Fire protection systems are only as good as the design, installation, and maintenance of the systems. Passive systems do not have the same testing and inspection requirements or standards as active fire protection systems. Once the passive system is installed, inspected, and accepted by the building official and the certificate of occupancy is issued, the system is generally not re-inspected unless changes to the structure affecting the passive system occur. The only components of passive systems that may receive routine testing and inspection are the fire-rated doors or assemblies normally visible to the inspector. The parts of passive systems often overlooked for maintenance and testing are smoke and fire dampers. These devices require maintenance a minimum of every four years.

A passive fire-rated wall assembly can be voided with a simple hole that is cut through the wall by the TV cable installer. This hole may seem insignificant to the casual observer. Many unprotected openings in spaces above the ceilings, such as those for computer cables, additional duct penetrations, and electrical services routinely are added to the building after the certificate of occupancy has been issued and often are not repaired by the installer and are not inspected routinely.

Active fire protection systems, in addition to being inspected and tested upon installation, are required to be tested and maintained routinely after the building is occupied. The NFPA standards contain maintenance and testing schedules for various types of fire protection systems. The use of these schedules, or a modified version, is often mandated by the local authority having jurisdiction. It is important these systems be properly tested and maintained to ensure their proper operation, which is essential in providing effective fire protection in the building in which they are installed.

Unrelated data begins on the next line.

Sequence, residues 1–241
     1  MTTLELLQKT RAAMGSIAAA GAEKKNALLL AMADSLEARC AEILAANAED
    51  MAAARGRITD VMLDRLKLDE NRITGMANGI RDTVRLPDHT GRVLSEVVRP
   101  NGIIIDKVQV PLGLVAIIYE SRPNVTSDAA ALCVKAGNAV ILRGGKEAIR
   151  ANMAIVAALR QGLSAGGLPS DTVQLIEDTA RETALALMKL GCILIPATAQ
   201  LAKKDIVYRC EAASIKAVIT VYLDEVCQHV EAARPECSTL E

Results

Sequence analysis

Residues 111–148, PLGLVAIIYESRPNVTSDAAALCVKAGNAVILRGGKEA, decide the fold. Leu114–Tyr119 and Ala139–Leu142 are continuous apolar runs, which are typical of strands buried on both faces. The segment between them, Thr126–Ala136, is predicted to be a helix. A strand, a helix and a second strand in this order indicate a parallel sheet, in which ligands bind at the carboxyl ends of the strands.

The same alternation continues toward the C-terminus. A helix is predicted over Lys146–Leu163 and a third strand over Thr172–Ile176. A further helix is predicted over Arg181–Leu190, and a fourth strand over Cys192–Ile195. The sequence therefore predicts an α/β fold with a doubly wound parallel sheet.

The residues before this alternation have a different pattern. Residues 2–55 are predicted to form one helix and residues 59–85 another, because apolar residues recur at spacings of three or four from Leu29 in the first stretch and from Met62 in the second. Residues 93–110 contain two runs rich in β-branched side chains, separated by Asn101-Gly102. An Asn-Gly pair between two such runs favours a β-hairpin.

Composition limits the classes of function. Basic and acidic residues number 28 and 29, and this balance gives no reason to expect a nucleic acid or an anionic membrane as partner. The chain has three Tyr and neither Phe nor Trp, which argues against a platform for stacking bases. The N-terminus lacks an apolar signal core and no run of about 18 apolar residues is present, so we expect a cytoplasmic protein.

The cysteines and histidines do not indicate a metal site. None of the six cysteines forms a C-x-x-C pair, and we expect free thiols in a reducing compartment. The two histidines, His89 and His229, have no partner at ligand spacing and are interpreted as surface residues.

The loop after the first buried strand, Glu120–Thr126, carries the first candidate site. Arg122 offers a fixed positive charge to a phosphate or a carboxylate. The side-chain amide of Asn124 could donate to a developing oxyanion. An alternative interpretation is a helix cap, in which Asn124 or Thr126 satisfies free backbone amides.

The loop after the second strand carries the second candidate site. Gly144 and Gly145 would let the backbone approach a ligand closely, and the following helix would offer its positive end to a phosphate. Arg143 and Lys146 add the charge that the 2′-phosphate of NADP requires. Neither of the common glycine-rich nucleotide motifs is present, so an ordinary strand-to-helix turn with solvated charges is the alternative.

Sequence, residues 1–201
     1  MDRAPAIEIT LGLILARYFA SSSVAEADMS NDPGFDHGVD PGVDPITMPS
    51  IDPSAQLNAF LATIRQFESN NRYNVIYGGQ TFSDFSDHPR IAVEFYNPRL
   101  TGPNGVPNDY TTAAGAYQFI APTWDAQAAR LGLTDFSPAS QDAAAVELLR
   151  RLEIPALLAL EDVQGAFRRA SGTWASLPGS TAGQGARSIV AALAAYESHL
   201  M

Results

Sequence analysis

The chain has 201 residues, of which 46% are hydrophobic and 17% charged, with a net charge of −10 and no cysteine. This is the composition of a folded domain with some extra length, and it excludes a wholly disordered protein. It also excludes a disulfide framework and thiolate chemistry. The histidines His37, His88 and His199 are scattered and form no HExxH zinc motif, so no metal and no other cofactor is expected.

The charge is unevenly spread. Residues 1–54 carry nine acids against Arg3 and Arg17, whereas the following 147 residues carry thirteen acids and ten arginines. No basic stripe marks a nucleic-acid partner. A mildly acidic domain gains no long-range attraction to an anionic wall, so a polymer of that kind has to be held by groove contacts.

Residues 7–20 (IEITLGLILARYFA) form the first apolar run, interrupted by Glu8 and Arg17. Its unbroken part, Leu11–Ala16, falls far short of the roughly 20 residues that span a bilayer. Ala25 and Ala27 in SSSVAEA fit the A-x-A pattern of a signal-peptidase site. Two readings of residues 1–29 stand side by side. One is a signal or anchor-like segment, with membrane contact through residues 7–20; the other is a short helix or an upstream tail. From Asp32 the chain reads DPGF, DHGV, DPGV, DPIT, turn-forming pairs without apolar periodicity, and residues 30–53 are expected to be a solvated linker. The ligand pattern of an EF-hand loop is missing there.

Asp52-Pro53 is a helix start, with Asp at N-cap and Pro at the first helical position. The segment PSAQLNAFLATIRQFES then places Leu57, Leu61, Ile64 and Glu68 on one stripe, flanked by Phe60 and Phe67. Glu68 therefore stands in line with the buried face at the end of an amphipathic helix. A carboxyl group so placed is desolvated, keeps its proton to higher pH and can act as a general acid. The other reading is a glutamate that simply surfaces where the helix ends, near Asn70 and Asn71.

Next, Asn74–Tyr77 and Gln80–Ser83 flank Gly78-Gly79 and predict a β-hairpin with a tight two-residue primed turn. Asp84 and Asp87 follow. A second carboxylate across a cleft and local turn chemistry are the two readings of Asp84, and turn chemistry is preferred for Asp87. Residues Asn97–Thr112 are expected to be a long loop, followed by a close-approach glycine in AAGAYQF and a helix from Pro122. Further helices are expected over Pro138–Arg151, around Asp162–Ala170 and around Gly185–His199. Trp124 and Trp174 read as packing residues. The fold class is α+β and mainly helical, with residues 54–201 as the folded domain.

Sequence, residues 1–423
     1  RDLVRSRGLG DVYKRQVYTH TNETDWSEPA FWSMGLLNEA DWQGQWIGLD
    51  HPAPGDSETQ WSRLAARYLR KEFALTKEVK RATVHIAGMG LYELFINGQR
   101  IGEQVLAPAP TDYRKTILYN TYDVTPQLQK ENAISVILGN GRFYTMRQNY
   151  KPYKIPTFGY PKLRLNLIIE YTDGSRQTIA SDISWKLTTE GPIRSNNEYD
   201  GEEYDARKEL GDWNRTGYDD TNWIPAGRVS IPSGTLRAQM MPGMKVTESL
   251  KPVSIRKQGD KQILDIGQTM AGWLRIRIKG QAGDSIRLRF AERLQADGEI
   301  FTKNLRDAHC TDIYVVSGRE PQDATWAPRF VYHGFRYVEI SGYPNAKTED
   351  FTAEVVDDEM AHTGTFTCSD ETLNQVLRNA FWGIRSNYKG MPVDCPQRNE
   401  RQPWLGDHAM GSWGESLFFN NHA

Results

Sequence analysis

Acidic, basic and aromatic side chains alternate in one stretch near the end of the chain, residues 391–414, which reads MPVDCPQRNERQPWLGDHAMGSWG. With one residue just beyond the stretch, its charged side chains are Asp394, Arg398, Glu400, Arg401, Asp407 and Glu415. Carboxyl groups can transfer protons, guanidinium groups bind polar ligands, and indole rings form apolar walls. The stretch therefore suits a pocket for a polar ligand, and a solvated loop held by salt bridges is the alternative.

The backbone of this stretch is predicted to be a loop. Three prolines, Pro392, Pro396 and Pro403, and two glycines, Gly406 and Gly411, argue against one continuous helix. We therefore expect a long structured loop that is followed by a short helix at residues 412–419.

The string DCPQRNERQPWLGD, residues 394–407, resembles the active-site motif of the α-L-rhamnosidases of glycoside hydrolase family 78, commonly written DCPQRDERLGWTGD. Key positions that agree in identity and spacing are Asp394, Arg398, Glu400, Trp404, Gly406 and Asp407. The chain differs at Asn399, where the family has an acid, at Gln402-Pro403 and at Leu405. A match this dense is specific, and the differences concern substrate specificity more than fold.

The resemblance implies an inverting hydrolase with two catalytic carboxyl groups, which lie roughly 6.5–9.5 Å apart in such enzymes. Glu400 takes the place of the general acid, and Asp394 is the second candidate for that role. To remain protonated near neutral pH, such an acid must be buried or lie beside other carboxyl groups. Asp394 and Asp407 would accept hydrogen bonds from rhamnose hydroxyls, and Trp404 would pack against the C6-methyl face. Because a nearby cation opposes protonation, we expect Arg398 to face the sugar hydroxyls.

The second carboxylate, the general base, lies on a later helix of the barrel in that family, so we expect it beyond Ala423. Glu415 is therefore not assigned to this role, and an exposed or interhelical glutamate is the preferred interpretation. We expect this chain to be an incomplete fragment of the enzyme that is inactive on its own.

Prescriptive fire protection approach

The prescriptive fire protection approach entails the use of model building and fire codes to determine the appropriate fire protection for a given building or space.

Building codes

The new 2003 International Building Code (IBC); and each model building code, as published by Building Officials Code Administrators (BOCA), Southern Building Code Congress International (SBCCI), International Conference of Building Officials (ICBO), and the Life Safety Code and NFPA 5000 by the National Fire Protection Association, consider basic fire protection of structures in the fixed (passive) fire protection first. These codes then look to active (suppression or alarm) fire protection for the following reasons: